Chamois is another cracker. One of the faster ways to reach Les Carroz, it’ll get the blood pumping before exploring the more gentile pistes below.

For intermediate skiers happy to tackle plenty of reds, the bowl-shaped valley of Flaine is sheer perfection. Here you’ll find endless combinations of red and blue runs crisscrossing the valley sides. Whether you love a steep a swift, wide and inviting or even ungroomed, you’ll find runs to fall in love with.

Almandine was a personal favourite, a long run that starts wide and rolling, then narrows and gets steeper as heads down towards the treeline. Diablotin, which disappears off from the side of Mephisto, has a similar profile and is enjoyably quiet. Lastly, Belzebuth is an easier red that descends in the Desert Blanc. It appears to only be groomed every few days (during the winter of 2019/20) providing just enough challenge to make it memorable.

View of pistes close to the Lapiaz lift in the ski resort of Flaine in the Grand Massif | Girl with a saddle bag travel blog

The quietest spots

To find places all to yourself, it’s best to head to the fringes of the ski area. Explore the area around the Aujon and Grand Grenier lifts on the far side of Flaine. They’re gentle drag lifts, but don’t let this put you off. You’ll find inviting slopes to dash down, and a new view into the valley.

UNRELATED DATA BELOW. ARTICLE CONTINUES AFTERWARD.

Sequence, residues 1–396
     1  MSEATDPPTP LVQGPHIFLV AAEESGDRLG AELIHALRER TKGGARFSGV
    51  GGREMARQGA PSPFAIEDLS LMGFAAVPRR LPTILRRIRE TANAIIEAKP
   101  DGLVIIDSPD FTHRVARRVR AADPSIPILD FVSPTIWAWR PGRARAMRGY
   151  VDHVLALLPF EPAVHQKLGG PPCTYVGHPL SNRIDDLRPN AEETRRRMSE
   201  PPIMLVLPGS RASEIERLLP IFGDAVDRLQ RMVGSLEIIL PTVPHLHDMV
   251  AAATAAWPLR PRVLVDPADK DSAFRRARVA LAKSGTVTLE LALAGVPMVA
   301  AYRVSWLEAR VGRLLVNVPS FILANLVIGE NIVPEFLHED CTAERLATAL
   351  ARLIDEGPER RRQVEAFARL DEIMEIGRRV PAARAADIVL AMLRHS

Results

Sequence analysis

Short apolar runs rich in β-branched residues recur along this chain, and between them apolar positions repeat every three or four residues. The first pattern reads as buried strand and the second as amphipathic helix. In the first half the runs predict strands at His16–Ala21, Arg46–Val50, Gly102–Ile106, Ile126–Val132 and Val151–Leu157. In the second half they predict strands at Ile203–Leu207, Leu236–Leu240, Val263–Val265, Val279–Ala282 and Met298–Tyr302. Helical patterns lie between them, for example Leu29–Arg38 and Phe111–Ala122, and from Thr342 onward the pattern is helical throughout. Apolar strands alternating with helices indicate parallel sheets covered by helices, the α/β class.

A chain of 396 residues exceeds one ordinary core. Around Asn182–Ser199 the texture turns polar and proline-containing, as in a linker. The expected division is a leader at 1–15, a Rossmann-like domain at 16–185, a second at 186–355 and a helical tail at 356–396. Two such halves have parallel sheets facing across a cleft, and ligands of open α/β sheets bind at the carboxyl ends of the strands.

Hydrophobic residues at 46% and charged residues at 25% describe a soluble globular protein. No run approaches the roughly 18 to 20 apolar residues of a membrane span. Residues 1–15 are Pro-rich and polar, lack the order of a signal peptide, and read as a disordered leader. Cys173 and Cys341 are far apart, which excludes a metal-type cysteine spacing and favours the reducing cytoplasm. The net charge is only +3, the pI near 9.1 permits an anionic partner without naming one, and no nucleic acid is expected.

The lower altitude runs into the villages of Les Carroz, Morillon and Samoëns tend to remain uncrowded during the middle of the day. Skiing here is a chance to enjoy the forest around you and take life at a slower pace.

Seeking out a challenge

There is plenty to explore in the Grand Massif for thrill-seekers. As with anywhere, there are off-piste opportunities to be discovered. But there’s also a surprising number of ungroomed runs that keep the challenges coming. You’ll find several at the top of the Desert Blanc lift. We tackled the Lucifer which was packed with moguls given the warm conditions we were experiencing – you might find something completely different during your stay. It more than exhausted our legs, but it was great to give something different a go.

There’s also a couple of ungroomed blacks towards Les Carroz. But if you want some more ambitious but pisted, check out the Aigle Noir at the top of the Chariande Express. This black run was groomed when we visited – steep but fun, fast and furious.

Eating and drinking on the slopes of the Grand Massif